For example, the other day I was in a Waldenbooks looking for new vampire novels (found a couple of good ones for you, too) and I noticed a new hardcover by a friend of mine. I picked it up and scanned the blurb. It's set in Vienna. My husband comes home from work and tells me about someone he met — who is from Vienna. Later that night, I'm channel surfing and there's a movie set in Vienna. The news has a reporter signing off from Vienna.

This is not the effect of simply noticing Vienna more sharply even though it's not any more prevelent in my life than ever. I've always associated Vienna with Theo Bikel, and noticed it for that. For a time after I read that autobiography, there actually was more Vienna in my life. Someday, I'm going to go there and look the place over. Who knows, I might find a story idea; not that I need any more than I've already got!

Here, then, is the tour schedule for Theodore Bikel in Fiddler On the Roof, which started in Omaha, Nebraska in September.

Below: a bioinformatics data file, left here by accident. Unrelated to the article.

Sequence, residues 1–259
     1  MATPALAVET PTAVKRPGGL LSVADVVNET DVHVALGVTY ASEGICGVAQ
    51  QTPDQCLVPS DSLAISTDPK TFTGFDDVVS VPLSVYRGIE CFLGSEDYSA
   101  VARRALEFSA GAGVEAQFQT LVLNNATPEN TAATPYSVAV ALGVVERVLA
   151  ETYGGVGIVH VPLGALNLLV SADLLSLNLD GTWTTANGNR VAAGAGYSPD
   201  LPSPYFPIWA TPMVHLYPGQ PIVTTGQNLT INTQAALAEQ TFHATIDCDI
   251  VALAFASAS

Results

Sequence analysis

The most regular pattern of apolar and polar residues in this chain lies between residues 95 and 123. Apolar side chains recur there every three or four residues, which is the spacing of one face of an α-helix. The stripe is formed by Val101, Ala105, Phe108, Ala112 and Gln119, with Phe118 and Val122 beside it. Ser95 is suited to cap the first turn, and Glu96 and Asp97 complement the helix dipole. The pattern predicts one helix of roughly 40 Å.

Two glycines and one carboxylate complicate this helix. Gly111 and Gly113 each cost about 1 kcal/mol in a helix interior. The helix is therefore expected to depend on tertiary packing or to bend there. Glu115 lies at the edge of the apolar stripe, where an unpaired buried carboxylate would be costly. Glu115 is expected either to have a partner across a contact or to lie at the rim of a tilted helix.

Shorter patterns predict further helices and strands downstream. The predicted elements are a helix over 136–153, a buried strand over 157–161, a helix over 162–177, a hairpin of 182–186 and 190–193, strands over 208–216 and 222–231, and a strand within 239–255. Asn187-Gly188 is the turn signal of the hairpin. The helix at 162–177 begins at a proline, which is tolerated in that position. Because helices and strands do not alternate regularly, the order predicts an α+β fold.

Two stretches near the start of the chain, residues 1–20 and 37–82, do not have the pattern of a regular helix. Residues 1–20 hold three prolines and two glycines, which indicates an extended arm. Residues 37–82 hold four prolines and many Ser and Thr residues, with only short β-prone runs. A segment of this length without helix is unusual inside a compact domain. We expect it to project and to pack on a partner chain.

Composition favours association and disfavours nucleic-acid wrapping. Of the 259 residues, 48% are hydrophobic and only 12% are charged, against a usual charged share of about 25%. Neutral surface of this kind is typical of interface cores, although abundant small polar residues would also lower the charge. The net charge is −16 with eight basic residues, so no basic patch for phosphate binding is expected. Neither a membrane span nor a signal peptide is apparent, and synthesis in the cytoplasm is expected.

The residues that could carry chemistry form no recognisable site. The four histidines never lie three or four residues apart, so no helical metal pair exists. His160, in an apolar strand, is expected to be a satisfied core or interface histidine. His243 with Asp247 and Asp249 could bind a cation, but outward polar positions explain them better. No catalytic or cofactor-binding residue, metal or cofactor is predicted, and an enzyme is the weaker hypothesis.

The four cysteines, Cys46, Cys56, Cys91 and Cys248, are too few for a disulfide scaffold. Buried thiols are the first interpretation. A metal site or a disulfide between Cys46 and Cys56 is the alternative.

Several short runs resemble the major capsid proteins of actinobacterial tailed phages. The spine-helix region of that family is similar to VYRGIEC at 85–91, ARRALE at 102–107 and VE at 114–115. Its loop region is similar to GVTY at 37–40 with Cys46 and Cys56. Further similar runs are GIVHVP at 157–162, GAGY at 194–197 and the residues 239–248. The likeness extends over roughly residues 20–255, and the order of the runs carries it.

11/28-12/3, 1 week

Orlando, FL Tupperware

12/5-10, 1 week

Providence, RI PAC

12/12-13, 2 days

Erie, PA Warner

12/15-17, 3 days

Toledo, OH Masonic

12/18-1/14, 4 weeks


1/16-28, 2 weeks

Dayton, OH Victoria

1/30-2/4, 1 week

Cincinatti, OH Taft

2/6-11, 1 week

Columbus, OH Palace

2/14-18, 1 week

Saskatoon, SASK Centennial

2/20-25, 1 week

Fort Worth, TX Will Rogers

2/27-3/3, 1 week

Kansas City, MO

3/5-10, 1 week

New Orleans, LA Saenger

3/12-17, 1 week

Colorado Springs, Co Pikes Peak



3/26-4/7, 2 weeks

Seattle, WA 5th Avenue

MORE TO COME, it says on the Xerox I have here — and like all tour schedules, this is subject to change without notice.

(1999 addendum: for appearance schedules for Theodore Bikel, go to )

Send books for review in this column to: Jacqueline Lichtenberg, POB 290, Monsey, N.Y. 10952